Is System Design The Missing Piece for AGI?:  System-level Design Considerations for Next Generation AI

Abstract: Today’s AI solutions face a trifecta of challenges: The Great AGI Leap, The Energy Wall and The Alignment Problem. Recent AI solutions have been quite energy inefficient. They consume unprecedented amounts of energy during training and unsustainable peak power during run-time. Making things worse, the amount of compute used for training doubles every 3.5 months.  Current approach to AI lacks system design; even though system-level characteristics play a critical role in the human brain; from the way it processes information to how it makes decisions. For the AGI Leap, the required integration and balanced operation of multiple functional subsystems is impossible to achieve without system-design. Lastly, for the alignment problem, AI lacks the capacity to employ multiple subsystems (such as System 1 and 2, model-free and model-based learning) in a balanced way for moral decisioning.  In this talk, we investigate the importance of system design for next generation AI solutions and argue that system-design is the missing piece without which the three grand challenges may never be solved.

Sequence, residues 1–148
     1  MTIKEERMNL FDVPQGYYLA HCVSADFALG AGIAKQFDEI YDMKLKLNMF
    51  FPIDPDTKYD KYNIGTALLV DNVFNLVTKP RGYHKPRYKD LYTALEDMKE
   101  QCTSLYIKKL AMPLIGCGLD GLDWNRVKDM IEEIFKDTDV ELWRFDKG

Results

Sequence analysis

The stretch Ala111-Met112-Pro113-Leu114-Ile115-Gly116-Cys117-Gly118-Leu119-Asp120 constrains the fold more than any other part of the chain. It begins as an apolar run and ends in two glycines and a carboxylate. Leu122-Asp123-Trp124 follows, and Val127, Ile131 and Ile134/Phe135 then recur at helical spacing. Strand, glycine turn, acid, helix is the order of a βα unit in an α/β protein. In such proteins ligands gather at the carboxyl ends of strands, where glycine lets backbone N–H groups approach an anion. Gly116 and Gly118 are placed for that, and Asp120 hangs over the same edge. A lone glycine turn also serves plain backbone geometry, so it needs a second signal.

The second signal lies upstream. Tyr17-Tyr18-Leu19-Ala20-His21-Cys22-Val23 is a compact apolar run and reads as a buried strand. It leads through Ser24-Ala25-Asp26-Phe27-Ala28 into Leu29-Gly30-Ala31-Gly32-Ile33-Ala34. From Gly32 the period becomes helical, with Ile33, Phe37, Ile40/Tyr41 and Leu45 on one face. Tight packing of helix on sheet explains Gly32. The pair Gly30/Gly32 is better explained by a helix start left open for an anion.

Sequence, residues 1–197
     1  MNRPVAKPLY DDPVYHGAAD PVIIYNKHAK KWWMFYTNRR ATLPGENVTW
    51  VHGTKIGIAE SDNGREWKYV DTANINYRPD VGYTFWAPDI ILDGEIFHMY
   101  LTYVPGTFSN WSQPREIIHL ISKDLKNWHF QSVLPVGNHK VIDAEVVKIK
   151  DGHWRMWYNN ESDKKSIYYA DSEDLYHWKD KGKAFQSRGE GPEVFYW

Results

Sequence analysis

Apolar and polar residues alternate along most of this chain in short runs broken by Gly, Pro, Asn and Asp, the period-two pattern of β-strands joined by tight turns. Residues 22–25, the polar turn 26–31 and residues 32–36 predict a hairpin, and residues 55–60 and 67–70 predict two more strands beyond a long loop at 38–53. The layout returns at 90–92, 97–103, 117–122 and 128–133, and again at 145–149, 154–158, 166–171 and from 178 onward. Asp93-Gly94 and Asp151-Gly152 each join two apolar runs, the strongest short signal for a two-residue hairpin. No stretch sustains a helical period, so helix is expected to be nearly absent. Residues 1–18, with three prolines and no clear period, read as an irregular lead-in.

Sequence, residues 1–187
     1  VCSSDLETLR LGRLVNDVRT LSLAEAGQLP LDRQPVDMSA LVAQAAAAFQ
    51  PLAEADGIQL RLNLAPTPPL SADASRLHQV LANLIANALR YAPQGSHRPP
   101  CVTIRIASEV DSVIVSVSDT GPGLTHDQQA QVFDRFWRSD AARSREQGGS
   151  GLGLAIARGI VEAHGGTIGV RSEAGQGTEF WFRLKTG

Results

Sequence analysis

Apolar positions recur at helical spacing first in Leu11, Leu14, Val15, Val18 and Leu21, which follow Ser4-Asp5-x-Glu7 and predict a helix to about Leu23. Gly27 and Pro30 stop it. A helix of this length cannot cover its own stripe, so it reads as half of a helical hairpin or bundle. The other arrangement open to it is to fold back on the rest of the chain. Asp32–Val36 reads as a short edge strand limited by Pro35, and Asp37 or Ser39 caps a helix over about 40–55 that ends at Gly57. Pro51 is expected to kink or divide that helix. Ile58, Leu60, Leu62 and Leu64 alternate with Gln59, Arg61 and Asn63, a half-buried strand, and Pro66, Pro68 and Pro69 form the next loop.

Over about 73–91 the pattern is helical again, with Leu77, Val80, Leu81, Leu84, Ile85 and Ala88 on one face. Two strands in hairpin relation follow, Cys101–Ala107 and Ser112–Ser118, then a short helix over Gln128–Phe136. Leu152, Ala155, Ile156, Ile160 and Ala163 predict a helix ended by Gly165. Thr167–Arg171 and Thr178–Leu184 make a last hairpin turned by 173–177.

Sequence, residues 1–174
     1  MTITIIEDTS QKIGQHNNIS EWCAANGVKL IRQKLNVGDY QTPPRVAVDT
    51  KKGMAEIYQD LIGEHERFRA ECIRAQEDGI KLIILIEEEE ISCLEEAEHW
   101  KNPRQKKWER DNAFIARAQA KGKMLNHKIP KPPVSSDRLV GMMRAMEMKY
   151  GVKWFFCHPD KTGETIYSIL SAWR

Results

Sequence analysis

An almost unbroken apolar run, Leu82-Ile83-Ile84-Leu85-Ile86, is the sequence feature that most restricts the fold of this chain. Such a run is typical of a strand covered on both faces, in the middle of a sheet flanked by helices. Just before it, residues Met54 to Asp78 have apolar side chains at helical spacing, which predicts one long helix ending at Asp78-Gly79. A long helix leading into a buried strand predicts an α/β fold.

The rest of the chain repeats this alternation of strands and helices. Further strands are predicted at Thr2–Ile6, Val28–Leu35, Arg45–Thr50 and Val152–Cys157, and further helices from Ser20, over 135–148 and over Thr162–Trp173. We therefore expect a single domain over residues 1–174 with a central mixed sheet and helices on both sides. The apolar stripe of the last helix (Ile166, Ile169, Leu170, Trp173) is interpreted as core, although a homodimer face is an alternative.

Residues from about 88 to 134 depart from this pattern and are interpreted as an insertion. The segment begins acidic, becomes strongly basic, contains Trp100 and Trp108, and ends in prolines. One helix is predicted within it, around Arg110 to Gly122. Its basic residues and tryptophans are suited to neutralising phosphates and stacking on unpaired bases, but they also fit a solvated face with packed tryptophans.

Bio: Dr. Eren Kurshan is an AI researcher and technology executive. She leads Research and Methodology efforts at M.Stanley towards building capabilities in emerging AI/ML techniques. Prior to this role, she was the Executive Head of AI for client protection at Bank of America, where she was responsible for leading the development of custom machine learning and deep learning solutions for fraud detection, prevention and operational improvement. Dr. Kurshan and her team built the first generation of in-house AI and Machine Learning models for Bank of America’s payment systems portfolio (credit, debit, ATM, mobile and other transactions). Dr. Kurshan has served as the technical lead for various AI and Data Science programs at Columbia University, J.P. Morgan Corporate and Investment Bank, and IBM. She was a Visiting Fellow at Princeton University Center for Information Technology Policy during 2015-2016 and served as an Adjunct Professor of Computer Science at Columbia University since 2014. Dr. Kurshan received her Ph.D. in Computer Science from the University of California. She has over 70 peer reviewed technical conference and journal publications and over 100 granted patents and close to 200 applications. She was the recipient of 2 Best Paper Awards from IEEE and ACM Conferences, Outstanding Research and Corporate Accomplishment Awards from IBM.